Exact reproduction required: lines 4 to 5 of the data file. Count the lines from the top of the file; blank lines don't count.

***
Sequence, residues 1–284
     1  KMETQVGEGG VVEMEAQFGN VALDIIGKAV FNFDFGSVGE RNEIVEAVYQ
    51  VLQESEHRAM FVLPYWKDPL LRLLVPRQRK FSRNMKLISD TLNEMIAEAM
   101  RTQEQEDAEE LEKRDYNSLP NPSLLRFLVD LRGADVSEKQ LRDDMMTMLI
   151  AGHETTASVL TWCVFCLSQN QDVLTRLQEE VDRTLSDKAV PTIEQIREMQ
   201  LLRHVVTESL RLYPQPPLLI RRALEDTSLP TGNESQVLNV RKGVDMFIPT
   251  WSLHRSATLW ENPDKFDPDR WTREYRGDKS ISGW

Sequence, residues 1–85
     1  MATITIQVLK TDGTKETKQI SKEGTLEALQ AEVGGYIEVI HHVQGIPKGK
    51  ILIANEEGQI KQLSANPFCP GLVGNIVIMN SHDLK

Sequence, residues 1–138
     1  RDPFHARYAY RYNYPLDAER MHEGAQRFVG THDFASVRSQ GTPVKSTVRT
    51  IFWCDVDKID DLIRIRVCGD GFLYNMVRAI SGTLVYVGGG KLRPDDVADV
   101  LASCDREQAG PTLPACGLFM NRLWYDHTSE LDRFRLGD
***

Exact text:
   101  RTQEQEDAEE LEKRDYNSLP NPSLLRFLVD LRGADVSEKQ LRDDMMTMLI
   151  AGHETTASVL TWCVFCLSQN QDVLTRLQEE VDRTLSDKAV PTIEQIREMQ